with a continuous longitudinal slit 17, re
spectively. The adjacent ends of the slits 15', 16 of each pair are connected by sub stantially transverse cuts 18 and the remote ends of the slits 15, 16, of each pair overlap the ends of the other slits of the next aldjacent pairs, as at 19 and 20. The web 10 is also divided upon transverse lines 21 mtersecting the overlapped portions 19, 20, of the slits 15, 16 of adjacent pairs. These several cuts serve to divide the entire web 10, without waste, into shingles 11, which are all alike. The substantially transverse cuts 18, connecting the adjacent ends of the slits 15, 16 of each pair, serve to produce the shoulder 12 of the'shingle and the overlapping of the longitudinal, slits, as at 19, 20, ermits of considerable latitude in the lacing of the transverse cuts 21 without lnterfering with the complete separation of the individual shingles. Obviously the transverse cuts 21 are usually located intermediate the ends of the overla ped'portions 19, 20, of the slits 15, 16 0 adjacent pairs.
Under these circumstances, each shingle 11 is formed with a cut 22 extend- Y ing into the same at one end. As this cut 22 occurs in that part of the shingle WhlCll is covered by shingles of the overlying rows 13 upon the roof it is not at all objection- 5 able.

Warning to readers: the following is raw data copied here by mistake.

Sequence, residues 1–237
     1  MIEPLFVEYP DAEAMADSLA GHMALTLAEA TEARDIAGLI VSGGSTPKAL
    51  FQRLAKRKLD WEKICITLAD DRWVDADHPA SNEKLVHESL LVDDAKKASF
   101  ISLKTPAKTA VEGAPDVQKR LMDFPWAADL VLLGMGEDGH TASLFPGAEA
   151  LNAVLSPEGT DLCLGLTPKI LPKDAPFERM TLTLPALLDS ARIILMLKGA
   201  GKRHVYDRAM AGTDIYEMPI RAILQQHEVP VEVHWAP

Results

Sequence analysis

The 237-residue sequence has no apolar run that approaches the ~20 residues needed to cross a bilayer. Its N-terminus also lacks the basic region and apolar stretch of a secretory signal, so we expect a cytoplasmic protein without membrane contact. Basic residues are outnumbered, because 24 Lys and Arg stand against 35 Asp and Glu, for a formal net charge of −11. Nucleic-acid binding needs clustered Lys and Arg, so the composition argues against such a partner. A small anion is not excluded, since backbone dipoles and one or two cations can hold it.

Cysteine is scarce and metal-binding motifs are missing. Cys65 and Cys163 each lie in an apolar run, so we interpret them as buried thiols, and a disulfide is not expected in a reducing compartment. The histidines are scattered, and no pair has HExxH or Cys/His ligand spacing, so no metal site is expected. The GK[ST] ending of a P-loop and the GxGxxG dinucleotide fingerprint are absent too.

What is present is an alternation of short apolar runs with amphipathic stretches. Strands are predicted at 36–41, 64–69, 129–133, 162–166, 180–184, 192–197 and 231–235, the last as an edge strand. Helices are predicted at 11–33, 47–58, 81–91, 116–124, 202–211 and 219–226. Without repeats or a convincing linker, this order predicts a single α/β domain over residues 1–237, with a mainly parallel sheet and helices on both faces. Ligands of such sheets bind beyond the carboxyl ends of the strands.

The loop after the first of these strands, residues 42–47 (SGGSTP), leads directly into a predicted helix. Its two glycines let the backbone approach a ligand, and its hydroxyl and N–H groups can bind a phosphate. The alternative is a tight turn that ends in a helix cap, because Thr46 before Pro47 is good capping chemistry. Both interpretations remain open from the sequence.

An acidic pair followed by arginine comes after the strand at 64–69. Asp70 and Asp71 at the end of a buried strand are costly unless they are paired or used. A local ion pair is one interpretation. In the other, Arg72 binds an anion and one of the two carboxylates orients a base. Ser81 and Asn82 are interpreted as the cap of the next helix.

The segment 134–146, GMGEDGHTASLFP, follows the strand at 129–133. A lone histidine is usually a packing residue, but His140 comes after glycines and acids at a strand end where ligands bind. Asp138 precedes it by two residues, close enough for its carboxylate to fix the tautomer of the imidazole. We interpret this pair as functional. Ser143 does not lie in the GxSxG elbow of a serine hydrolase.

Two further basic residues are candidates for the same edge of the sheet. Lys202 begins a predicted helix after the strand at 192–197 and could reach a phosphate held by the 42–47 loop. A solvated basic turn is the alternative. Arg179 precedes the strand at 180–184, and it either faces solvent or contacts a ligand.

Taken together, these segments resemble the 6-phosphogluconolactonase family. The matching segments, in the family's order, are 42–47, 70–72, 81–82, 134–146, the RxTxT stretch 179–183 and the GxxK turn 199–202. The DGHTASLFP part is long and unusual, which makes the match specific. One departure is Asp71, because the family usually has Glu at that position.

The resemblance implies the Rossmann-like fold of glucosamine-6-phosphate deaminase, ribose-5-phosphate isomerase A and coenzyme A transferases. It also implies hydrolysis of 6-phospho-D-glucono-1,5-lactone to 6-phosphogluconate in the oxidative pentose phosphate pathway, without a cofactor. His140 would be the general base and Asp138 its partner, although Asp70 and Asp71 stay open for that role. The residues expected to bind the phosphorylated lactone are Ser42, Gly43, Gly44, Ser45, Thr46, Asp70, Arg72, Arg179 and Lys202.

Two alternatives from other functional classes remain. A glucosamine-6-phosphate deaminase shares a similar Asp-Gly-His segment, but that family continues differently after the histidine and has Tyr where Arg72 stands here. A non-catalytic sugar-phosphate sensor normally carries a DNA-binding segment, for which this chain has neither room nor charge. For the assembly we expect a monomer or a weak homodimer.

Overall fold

The operative parts of the improved machine may comprise the upper and lower rotary cutter shaft 23 and 24, a pair of feed rolls 25, 26, and a rotary chopping blade 27. As shown, these parts extend between and are journaled at their opposite ends in side frames 28 and 29 and the rotary chopping blade 27 coiiperates with a stationary transverse cuttingblade 30, which is firmly held in position by having its opposite ends secured to the said side frames. Preferably the parts are arranged with the cutter shafts 23, 24 and thechopping blade 27 located at opposite sides of the feed rolls 25, 26. When so organized the web referably moves in the direction indlcated y the. arrow on Fig. 5, and a continuously moving delivery apron 31 is located below and beyond the stationary cutting blade 30 for receiving the separated shingles as 11, and discharging the same upon a suitable support, as the receiving table 32.
Power may be applied from any convenient source (not shown) but the operating parts are preferably so geared together that the chopping blade 27 makes two revolutions for each revolution of the cutter shafts 23 and 24 and the surface speed of the feed rolls 25, 26 is suitably proportioned to the operation of the cutter shafts and chopping blade. As shown, a large gear 33 is mounted on the spindle of the choppin blade 27 at one end and this gear meshes with a driving gear 34 mounted upon a counter shaft 35 to which the power may be applied. A second gear 36 mounted upon one of the spindles of the chopping blade 27 drives the feed rolls 25, 26 and the cutter shafts 23, 24 through idlers 37, 38 located between the gee-r36 and the feed roll 26, and an idler 39 located between the feed roll 26 and the cutter shaft 24. The two feed rolls 25, 26 and the two cutter shafts 23, 24 are each geared together for coiiperative rotation in opposite directions, as at 40, 41 (Fig. 1).